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Outmoded workforce planning poses risk to child health

More paediatric trainees needed, says Royal College

Jo Carlowe

Monday, 07 March 2016

Out-of-date workforce planning poses a risk to child health, lead paediatricians have warned. 

The Royal College of Paediatrics and Child Health (RCPCH) has today published its workforce survey, MMC Cohort Study, which reveals that just 38% of doctors who began training in paediatrics in 2007 and still in the scheme in 2014, had reached the final two years of training. 

With gaps on trainee rotas already hard to fill, the RCPCH warns that without an increase in the number of doctors coming into the specialty, there will not be enough to safely staff children’s hospital services.

The findings reveal that increasing numbers of trainee paediatricians opt to take time out of clinical training to engage in research, whilst others embrace opportunities to share parental leave. As a result, the RCPCH is calling on the government to adapt workforce planning to bring children’s services “in line with 21st century working realities”.

The fourth part of the MMC Cohort Study which is completed by paediatric trainees in their seventh year of the training programme, found that:

  • 38% of trainees had progressed through the training programme as far as expected if they were full time and had no time out of the programme i.e. reaching the final two years of the training programme or had finished the programme completely. The remainder were still working their way through the programme.
  • Overall 54% of respondents took a period of time out training in the previous two years (59% of women and 36% of men)
  • 26% of all trainees took time out for parental leave in the previous two years
  • 19% took time out for academic activities
  • The proportion of the cohort working less than full time increased to 31% from 22% and almost half would like to work less than full time on completion of training (48%)
  • An estimated 3.6% of trainees leave the training scheme each year

Commenting Dr Simon Clark, Workforce Officer for the RCPCH said: “We are seeing a clear shift in the way our doctors want to train with many spending time with a family of their own or undertaking research to improve the care delivered to children. This isn’t surprising given the family centred nature of paediatrics.

“Adaptations to workforce planning, such as an increase in the number of paediatric trainees coming into the training programme, are necessary to complement these changing behaviours and attitudes. Without them, there is a risk there won’t be enough paediatricians to staff children’s services and this could compromise patient care.”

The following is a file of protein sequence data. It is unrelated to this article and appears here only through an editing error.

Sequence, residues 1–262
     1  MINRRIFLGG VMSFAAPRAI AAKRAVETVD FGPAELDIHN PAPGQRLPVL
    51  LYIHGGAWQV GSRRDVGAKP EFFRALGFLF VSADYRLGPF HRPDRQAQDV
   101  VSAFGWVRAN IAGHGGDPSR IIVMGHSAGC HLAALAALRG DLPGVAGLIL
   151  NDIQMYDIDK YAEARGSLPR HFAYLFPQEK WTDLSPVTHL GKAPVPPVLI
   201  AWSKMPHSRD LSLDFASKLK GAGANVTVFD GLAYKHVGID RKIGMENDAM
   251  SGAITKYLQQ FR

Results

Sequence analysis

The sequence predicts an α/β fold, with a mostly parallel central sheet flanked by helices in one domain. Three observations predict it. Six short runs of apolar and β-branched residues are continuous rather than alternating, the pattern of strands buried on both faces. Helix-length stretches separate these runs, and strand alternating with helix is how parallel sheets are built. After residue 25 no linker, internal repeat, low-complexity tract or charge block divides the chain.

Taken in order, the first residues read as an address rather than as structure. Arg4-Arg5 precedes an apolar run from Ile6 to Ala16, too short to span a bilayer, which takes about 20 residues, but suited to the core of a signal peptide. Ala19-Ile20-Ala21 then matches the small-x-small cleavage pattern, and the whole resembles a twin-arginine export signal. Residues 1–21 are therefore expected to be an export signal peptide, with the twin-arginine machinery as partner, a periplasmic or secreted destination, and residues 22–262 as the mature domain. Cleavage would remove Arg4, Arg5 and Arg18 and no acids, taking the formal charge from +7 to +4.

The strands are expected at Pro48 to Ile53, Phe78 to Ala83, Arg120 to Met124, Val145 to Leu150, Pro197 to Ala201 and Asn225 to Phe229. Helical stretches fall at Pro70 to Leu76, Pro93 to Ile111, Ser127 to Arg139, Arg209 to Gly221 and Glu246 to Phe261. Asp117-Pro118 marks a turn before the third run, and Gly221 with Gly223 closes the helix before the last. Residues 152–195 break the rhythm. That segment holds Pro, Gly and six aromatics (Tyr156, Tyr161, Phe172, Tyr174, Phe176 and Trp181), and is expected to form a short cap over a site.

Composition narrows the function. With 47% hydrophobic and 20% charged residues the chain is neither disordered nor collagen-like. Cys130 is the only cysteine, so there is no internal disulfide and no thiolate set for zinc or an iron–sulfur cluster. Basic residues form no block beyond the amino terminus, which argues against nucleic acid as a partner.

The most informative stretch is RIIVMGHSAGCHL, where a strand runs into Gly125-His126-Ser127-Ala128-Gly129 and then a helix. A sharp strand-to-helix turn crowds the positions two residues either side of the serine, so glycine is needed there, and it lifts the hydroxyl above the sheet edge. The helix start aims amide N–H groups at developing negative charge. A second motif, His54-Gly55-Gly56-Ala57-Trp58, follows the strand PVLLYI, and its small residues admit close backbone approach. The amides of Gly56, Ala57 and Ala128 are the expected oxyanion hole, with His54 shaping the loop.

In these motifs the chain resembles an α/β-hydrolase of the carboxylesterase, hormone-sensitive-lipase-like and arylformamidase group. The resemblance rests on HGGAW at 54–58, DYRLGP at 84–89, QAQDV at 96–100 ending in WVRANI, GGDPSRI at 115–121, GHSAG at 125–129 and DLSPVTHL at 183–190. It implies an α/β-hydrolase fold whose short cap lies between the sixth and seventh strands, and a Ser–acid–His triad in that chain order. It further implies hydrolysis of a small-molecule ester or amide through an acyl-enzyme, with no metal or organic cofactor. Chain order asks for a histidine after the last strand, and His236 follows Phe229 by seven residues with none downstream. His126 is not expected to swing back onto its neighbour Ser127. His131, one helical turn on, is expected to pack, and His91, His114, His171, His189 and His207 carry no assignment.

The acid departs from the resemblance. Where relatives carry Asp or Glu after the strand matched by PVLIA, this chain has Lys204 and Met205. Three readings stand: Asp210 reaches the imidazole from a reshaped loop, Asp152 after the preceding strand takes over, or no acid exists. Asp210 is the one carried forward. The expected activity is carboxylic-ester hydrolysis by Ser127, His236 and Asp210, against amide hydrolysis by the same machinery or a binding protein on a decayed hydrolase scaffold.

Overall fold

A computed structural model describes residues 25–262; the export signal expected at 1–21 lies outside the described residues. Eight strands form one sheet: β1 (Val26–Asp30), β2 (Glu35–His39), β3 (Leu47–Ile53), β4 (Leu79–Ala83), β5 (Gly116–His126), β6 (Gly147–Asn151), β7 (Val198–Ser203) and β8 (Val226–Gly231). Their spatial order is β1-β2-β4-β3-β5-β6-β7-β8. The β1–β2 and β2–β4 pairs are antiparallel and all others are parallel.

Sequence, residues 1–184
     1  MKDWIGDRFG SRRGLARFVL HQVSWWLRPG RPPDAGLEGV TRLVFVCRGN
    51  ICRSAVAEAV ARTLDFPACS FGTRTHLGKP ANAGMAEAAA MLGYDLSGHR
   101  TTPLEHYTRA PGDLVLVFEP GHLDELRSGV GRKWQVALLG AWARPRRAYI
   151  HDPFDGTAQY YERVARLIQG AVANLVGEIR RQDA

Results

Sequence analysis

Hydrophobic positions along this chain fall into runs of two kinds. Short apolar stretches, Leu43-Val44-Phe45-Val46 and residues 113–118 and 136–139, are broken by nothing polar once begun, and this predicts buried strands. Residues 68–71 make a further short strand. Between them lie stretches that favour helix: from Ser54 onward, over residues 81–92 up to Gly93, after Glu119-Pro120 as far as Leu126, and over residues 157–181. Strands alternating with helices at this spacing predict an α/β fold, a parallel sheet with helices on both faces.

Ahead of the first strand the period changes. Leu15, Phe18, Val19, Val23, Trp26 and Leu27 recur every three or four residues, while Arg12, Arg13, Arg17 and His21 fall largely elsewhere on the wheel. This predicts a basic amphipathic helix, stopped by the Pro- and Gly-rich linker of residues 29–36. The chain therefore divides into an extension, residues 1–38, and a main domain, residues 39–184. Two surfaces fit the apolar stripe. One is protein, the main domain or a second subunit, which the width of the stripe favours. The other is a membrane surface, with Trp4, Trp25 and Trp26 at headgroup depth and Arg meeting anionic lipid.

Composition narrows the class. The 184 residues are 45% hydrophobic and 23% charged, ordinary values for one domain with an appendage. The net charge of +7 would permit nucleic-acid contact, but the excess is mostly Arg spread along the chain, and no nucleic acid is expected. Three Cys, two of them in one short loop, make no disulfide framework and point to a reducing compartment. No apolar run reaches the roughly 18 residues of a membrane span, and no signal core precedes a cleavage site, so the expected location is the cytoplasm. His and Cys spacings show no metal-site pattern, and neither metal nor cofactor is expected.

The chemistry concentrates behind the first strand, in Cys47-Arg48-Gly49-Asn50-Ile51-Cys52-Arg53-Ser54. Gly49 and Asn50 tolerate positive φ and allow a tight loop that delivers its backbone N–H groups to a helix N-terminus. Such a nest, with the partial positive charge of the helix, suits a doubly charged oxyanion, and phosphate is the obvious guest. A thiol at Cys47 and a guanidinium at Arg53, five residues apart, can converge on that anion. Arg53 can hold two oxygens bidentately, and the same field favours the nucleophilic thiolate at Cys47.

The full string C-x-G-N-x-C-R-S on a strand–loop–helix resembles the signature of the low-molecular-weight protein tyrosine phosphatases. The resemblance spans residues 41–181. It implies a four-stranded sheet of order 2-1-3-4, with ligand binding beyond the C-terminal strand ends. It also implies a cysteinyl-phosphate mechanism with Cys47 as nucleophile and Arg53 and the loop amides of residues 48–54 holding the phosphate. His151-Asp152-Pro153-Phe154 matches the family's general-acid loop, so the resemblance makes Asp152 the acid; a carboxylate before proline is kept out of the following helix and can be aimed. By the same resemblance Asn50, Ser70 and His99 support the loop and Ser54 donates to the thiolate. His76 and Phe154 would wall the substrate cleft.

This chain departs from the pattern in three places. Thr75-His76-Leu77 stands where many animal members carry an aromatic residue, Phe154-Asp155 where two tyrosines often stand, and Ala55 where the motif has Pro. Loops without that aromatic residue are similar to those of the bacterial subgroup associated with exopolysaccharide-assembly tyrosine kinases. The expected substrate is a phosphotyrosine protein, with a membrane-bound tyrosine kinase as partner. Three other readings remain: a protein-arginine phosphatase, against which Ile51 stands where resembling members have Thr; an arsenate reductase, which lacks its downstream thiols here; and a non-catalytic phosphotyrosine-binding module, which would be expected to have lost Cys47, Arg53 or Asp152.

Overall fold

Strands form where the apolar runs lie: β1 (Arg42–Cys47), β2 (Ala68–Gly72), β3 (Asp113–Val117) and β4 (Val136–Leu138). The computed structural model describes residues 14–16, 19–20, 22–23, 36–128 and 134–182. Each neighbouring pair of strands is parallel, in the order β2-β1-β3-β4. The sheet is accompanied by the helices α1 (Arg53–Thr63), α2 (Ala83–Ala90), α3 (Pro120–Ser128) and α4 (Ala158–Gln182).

To address some of the issues highlighted by the MMC Cohort Study, the Royal College of Paediatrics and Child Health has made a series of recommendations. These include:

  • Calling on Government to increase the number of paediatric trainees
  • Calling on paediatric tutors and programme directors to work closely with Trusts to ensure rotas are designed to allow trainees to attend teaching
  • Calling on Health Education England (HEE), which funds the paediatric training programme, and workforce planning bodies in Scotland, Wales and Northern Ireland to collaborate with the RCPCH to ensure that training places are mapped more closely to consultant opportunities and demand
  • A commitment by the RCPCH to ensure all data relating to less than full time working, out of funded programme activity and attrition, are highlighted to relevant training bodies (HEE in England, deaneries and national planning bodies in Scotland, Wales and Northern Ireland)
  • Drawing the attention of HEE and the National Institute for Health Research (NIHR) to the lack of confidence amongst academic trainees in obtaining posts

Dr Simon Clark concluded: “For paediatrics to thrive as a specialty, it is crucial that Government and HEE heed these findings and adapt to contemporaneous requirements. The RCPCH will play its part by conducting a follow-up survey two years from now – making it nine years after the cohort began training - to ensure as detailed a picture as possible is obtained in order to help attract, and retain doctors to the speciality.”

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